Welcome to our 7th edition of Hold The Code. We're eager to share some interesting AI news, but first, we'd like to extend a few invitations:
This Thursday, March 25th, Northwestern Law & Engineering professor, Daniel Linna, is hosting a virtual panel called "Technology and the Courts: A Global Perspective. Some of the panelists will include several legal experts from universities across the world, as well as Chief Justice Luis Henry Molina, from the Dominican Republic's Supreme Court. Here's the link to register.
Monday, April 5th at 12 pm, Timnit Gebru (yes, that Timnit Gebru, the one featured in our past newsletters) is speaking at a Northwestern event called "The Hierarchy of Knowledge in Machine Learning and Related Fields and Its Consequences." You won't want to miss it.
Without further ado, here are this week's stories.
Finding Immigration Violations from Utility Bills
ICE offices have recently tapped into a once-private database (with millions of phone, electricity, and utility records) to find undocumented immigrants. The database, called CLEAR, contains 400 million names, addresses, and services from over 80 companies.
This situation is just another instance of how government agencies have exploited commercial sources to supplement their surveillance efforts with the information they are not authorized to access on their own. ICE uses this information to pursue undocumented immigrants who may have stayed off the grid by avoiding activities like getting a driver’s license but cannot live without paying for utilities for their home.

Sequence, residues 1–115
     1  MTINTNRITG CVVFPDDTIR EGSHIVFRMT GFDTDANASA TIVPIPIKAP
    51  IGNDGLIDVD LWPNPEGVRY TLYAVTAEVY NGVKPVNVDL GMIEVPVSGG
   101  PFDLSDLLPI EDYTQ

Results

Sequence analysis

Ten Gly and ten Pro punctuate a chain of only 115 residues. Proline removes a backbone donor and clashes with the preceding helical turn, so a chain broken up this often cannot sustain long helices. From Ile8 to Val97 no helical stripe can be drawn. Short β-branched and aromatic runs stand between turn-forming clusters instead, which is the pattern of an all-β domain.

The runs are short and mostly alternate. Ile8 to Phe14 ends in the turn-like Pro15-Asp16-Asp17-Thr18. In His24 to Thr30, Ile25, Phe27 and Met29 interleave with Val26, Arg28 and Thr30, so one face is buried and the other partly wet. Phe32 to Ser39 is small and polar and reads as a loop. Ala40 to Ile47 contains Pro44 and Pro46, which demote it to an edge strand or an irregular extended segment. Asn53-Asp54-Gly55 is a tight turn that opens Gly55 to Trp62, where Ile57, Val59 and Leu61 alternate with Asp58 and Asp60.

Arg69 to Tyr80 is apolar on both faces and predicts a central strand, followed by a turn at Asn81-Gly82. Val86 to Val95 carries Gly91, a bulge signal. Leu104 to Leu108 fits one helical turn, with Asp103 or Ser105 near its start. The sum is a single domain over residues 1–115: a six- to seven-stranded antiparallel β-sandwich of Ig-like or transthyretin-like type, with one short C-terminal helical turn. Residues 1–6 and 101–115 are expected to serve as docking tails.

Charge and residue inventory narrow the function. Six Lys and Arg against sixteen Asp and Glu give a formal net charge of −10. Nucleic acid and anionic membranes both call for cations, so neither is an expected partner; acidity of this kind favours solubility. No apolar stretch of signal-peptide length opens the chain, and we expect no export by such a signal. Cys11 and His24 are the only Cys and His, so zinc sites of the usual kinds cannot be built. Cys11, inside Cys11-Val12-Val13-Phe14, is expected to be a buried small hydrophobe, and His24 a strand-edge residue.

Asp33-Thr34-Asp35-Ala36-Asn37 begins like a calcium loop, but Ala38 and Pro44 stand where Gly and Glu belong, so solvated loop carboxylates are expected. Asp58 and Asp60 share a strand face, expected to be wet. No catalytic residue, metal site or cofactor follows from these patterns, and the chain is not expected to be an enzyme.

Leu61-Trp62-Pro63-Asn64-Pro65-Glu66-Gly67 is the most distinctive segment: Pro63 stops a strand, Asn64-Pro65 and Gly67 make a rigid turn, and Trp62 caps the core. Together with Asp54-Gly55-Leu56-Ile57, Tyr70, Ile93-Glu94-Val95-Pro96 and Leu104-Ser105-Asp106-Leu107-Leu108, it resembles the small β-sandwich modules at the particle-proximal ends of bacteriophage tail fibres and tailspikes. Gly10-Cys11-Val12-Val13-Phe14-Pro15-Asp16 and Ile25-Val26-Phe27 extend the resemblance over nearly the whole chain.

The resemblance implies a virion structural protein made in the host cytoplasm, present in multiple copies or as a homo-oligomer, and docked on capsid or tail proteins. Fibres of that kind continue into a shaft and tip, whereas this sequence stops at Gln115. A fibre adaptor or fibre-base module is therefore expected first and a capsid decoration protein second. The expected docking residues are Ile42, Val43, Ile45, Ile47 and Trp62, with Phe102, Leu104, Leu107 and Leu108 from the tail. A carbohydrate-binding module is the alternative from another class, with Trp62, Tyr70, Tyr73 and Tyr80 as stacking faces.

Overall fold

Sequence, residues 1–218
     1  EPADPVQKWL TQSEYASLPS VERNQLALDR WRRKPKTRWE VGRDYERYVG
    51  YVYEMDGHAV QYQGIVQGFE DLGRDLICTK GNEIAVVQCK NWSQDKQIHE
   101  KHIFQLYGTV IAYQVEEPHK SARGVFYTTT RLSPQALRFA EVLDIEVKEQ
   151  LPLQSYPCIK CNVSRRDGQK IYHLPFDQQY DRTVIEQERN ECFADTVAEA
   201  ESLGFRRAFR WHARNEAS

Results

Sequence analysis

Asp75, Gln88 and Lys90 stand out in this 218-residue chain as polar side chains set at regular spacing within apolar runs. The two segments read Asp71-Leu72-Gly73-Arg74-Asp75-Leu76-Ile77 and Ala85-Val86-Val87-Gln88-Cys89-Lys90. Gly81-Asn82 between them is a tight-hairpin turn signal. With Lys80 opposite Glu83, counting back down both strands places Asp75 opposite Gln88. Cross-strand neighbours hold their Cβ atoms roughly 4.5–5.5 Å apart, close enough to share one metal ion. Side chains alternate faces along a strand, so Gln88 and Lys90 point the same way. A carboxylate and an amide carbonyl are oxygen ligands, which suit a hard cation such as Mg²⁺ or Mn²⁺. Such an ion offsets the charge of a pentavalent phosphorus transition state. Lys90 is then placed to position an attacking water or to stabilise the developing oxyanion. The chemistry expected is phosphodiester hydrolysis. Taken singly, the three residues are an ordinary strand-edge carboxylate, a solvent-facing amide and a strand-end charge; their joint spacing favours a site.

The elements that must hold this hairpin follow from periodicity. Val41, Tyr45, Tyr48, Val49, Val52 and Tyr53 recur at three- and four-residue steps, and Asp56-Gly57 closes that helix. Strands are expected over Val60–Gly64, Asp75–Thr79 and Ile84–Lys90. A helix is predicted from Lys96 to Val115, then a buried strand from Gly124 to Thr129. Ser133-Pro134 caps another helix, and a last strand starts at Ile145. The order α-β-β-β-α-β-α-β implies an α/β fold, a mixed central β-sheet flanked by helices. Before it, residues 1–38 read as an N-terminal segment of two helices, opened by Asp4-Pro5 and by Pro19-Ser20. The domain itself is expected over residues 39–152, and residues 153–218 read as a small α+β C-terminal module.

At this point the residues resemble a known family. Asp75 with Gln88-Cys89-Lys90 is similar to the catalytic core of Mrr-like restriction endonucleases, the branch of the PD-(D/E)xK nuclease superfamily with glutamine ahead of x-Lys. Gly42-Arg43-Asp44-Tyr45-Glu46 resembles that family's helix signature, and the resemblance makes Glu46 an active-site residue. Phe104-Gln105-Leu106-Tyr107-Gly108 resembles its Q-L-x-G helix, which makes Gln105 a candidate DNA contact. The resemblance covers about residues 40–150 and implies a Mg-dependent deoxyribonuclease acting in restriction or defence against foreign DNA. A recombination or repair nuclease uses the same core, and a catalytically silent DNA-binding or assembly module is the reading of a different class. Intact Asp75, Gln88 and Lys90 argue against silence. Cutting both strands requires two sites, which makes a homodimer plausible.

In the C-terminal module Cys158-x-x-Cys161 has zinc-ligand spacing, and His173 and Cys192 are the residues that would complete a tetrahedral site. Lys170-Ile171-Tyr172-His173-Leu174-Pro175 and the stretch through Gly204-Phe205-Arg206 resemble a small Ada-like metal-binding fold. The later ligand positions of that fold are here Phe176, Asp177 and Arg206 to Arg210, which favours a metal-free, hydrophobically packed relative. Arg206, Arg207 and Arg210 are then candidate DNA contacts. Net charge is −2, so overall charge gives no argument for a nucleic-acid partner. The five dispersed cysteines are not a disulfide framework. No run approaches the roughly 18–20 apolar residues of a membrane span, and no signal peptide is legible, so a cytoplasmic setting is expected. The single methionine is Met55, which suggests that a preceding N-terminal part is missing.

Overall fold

Who else uses CLEAR?
CLEAR, which is run by Thomson Reuters and based on data from Equifax, is also used by a number of other organizations including:
Police in Detroit
A credit union in California
A fraud investigator in the Midwest
Concerns surrounding ICE's use of CLEAR
“There needs to be a line drawn in defense of people’s basic dignity. And when the fear of deportation could endanger their ability to access these basic services, that line is being crossed,” states Nina Wang, a policy associate at the Georgetown Law’s Center on Privacy & Technology. “It’s a massive betrayal of people’s trust. … When you sign up for electricity, you don’t expect them to send immigration agents to your front door.”
No year has been more revealing than 2020 in terms of how we are divided into two economies: the many who have been struggling to make ends meet while trying to avoid getting infected by a dangerous virus, and the few, who control the companies that are now an essential part of everyday life.
2020 by the numbers
According to tech critic Paris Marc,
Billionaires added $3.9 trillion to their wealth
Whereas workers globally lost $3.7 trillion in earnings
In an economy that is shrinking for many and growing for few, the defining features of many digital platforms have been to be a monopoly no matter what. And this model has proved to be good business as users often have no other options but to use a specific platform.